7.) Not referring parents to a competent special education attorney or advocate to evaluate and advocate for their legal rights.
8.) Refusing to leave the citadel: not following through after the report is written; e.g., not attending team meetings, observing programs, and/or testifying when those activities are necessary to ensure that the evaluator's recommendations will be understood, accepted, and implemented.

8.) Working exclusively as a parents' or as a school system's evaluator; this is a sure way to lose credibility as an evaluator over time.

More "Mistakes People Make" Articles

Mistakes Independent Experts Make. Read what to do to avoid feelings of betrayal and the retaliation that results when independent experts in your corner make mistakes. Read this article by Pete Wright, Esq.

Mistakes People Make: Parents. Because the stakes are so high, it is difficult for parents of children with special educational needs to advocate calmly and objectively for the educational and related services their children need. To learn about mistakes parents make, read this article.

Mistakes People Make: School Districts. What makes parents angry? Parents are angry when school personnel take actions that undermine trust, create a negative climate that destroys peace of mind, and deliver inadequate services to the child. Want to learn more? Read article.

Mistakes People Make: Advocates. Because the non-lawyer advocate plays an extremely important role in the special education process, advocates must be mindful of the power of their role and the trust parents place in them. The more serious mistakes advocates may make are generally ones of excess . . . Read article.

More Articles by Robert K. Crabtree, Esq.

The Paper Chase: Managing Your Child's Documents. "If you have kids with special educational needs, you can be overwhelmed with paperwork in no time at all . . ."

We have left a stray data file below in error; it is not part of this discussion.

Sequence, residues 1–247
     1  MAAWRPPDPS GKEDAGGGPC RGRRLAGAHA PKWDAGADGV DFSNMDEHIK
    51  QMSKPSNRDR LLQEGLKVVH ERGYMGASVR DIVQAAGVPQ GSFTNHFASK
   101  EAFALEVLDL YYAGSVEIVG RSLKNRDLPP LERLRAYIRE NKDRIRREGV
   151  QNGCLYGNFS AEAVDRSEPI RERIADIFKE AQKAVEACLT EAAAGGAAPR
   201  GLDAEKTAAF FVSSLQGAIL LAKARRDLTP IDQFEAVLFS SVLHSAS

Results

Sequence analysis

Discipline: Suspension, Expulsions and IEPs. Read this article by parent attorney Robert Crabtree to learn about functional behavioral assessments, behavior intervention plans, long-term suspensions and expulsions, the child's rights, and what parents can do to protect these rights. Learn how to request a behavior assessment, an expedited hearing, and how to invoke "stay put."

What Does School Funding Buy? Lower Discipline Rates and More Learning

From the Education Law Prof Blog

By Derek Black
September 24, 2018


A month ago, I tried to show how school quality and school discipline are intertwined. I talked about my prior research, put up a fancy color-coded map of school funding and achievement gaps from Bruce Baker and another fancy color-coded map of school suspensions by the ACLU and UCLA Civil Rights project.

A rough mashing together of these two maps showed that the funding and achievement gaps had substantial overlap with school suspensions. But of course, it would take a much more sophisticated analysis to make any firm conclusions. And the average reader or parent might very well start to feel their eyes glaze over with all the numbers if we did that.